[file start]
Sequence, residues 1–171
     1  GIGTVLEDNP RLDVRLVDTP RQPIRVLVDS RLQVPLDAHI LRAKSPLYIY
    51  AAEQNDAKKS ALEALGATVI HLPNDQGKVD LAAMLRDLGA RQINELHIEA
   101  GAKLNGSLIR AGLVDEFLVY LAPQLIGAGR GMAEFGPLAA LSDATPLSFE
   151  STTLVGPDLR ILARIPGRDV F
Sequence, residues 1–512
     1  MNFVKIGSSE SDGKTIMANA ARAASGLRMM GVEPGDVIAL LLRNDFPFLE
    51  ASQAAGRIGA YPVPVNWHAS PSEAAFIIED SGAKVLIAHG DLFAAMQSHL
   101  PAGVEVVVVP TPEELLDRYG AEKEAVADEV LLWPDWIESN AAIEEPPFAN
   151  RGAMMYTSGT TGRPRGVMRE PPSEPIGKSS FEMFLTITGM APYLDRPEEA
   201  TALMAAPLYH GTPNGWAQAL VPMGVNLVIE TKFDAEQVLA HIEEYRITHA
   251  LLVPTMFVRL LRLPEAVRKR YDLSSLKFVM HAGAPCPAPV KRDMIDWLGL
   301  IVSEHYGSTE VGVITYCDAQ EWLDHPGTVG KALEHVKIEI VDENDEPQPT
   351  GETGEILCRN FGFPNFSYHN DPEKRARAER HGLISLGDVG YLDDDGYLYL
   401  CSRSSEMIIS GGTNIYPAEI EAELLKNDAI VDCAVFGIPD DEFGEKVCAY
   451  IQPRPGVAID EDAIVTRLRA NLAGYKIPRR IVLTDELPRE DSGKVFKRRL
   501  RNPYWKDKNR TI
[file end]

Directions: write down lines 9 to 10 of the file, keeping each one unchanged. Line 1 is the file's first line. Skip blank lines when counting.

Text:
   101  PAGVEVVVVP TPEELLDRYG AEKEAVADEV LLWPDWIESN AAIEEPPFAN
   151  RGAMMYTSGT TGRPRGVMRE PPSEPIGKSS FEMFLTITGM APYLDRPEEA